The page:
If you want to get sorted before the 1st April or alternatively just want to know more how the scheme may affect either yourself or your business then call us now on 0117 939 0350 or alternatively email our Employment Law & HR expert Tamsin James at email@example.com
Overtime and holiday pay….unravelled
Holiday pay has been in the headlines this week. Reports have stated that 1 in 6 workers or “millions of employees” can now claim extra holiday pay. This is an exaggeration of the actual position, which is a little more complicated, as Tamsin James explains.
Calculating holiday pay is a tricky business at the best of times. It has been made even more complicated recently as the UK and European courts have not been able to agree on the correct approach. This week, a UK court decided that UK rules should be changed so that employers now need to include paid overtime in their calculation of holiday pay. This will affect payroll costs going forward for some employers.
What does it mean for you?
The ruling will affect you (or your employees) if you or they get:-
- paid regular overtime which cannot be said to be purely “voluntary”
- fixed commission payments; and/or
- other payments “intrinsically linked” to work, such as shift allowances, seniority payments and some travel allowances (except where these merely cover expenses).
It may not impact as much as reports suggest because:-
- The ruling only applies to 20 out of the 28 days statutory holiday per year (it does not extend to the additional 1.6 weeks leave provided for under UK law).
- Concerns that workers could claim for years of backdated holiday pay are overstated; most workers will only be able to recover underpayments made in the last three months. Note that time limits are tight and any claims for underpayment of holiday pay should be brought within 3 months of the last (holiday) payment.
- It is not going to be the end of the matter; it is expected that the issue will be looked at by the Court of Appeal and by a Government “taskforce” set up to review the situation.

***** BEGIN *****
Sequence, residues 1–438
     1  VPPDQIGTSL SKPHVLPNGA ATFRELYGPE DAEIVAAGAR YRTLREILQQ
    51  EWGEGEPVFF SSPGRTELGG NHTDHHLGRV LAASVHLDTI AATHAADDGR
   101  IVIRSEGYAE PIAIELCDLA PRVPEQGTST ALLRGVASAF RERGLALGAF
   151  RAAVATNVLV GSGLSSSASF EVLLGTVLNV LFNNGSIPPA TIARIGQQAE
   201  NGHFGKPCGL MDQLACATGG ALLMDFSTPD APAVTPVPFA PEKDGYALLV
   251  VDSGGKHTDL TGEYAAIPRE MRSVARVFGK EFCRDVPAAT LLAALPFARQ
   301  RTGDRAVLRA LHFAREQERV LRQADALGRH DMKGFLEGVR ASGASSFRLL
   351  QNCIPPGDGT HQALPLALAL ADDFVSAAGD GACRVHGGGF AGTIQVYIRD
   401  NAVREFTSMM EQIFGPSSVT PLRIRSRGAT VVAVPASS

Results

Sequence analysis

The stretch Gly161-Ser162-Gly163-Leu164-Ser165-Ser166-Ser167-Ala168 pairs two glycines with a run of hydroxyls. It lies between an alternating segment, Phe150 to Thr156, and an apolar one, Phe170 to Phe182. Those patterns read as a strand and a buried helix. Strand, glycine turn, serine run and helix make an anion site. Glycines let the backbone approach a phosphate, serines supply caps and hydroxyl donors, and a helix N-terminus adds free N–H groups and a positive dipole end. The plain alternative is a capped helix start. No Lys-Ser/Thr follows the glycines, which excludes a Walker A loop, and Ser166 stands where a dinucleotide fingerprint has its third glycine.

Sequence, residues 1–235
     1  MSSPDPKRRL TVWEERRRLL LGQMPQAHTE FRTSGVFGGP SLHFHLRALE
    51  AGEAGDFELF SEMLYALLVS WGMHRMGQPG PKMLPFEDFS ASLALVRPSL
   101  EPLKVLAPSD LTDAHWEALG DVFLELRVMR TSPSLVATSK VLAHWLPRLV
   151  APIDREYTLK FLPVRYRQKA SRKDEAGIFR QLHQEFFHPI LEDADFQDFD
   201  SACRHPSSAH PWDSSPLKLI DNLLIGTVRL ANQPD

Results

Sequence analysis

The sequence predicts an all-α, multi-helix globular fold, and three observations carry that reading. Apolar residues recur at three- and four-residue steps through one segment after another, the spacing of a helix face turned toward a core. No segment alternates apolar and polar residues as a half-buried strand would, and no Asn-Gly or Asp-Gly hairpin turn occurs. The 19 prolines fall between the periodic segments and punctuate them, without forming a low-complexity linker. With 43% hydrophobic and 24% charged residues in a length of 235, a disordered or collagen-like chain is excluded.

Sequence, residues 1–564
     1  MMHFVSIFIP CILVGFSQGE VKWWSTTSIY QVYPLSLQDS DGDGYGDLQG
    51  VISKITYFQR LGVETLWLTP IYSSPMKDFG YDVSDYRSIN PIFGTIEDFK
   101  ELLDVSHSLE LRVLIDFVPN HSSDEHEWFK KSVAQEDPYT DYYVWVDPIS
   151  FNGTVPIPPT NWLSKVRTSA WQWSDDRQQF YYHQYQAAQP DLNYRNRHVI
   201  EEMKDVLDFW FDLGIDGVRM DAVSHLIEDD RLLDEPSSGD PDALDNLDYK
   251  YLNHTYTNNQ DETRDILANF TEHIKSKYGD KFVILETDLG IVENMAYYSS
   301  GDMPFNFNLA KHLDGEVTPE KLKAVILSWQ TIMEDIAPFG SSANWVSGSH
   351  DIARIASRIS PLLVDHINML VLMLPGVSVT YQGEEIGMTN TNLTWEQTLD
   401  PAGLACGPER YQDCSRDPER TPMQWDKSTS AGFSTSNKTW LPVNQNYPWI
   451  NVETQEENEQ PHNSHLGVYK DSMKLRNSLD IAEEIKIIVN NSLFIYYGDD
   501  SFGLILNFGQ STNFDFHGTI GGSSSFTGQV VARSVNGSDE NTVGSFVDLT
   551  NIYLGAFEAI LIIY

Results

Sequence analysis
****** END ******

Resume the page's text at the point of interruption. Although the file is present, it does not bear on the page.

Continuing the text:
- One question that remains unresolved is the period of time used to calculate “average pay”. A 12 week snapshot is usually used but this could now lead to distortions in holiday pay. For example, a retail worker who does a lot of overtime over Christmas could now have a far higher “average pay” if they took leave in January.
Can you earn commission while on holiday?
I have posted before about holiday pay – in that case, the question was whether overtime should be included in holiday pay (the answer was, broadly, yes).
In a further decision issued recently, it was decided that commission payments should also be included in the calculation of holiday pay. So, it was found that Mr Lock, who worked for British Gas as a commission-based salesman, should be able to go on holiday without taking a significant drop in earnings (British Gas had previously been paying his basic salary only when he was on holiday).
The case has been supported by UNISON and already they are saying that the case will have implications for thousands of workers across Europe. There are already many hundreds of claims for back-pay of holiday before the Employment Tribunals.
We increasingly see holiday pay being wrongly calculated. Often, this is not picked up until after employment has ended. It is a good idea to scrutinise your payslips – and to take advice if necessary.
Contact Tamsin for more information.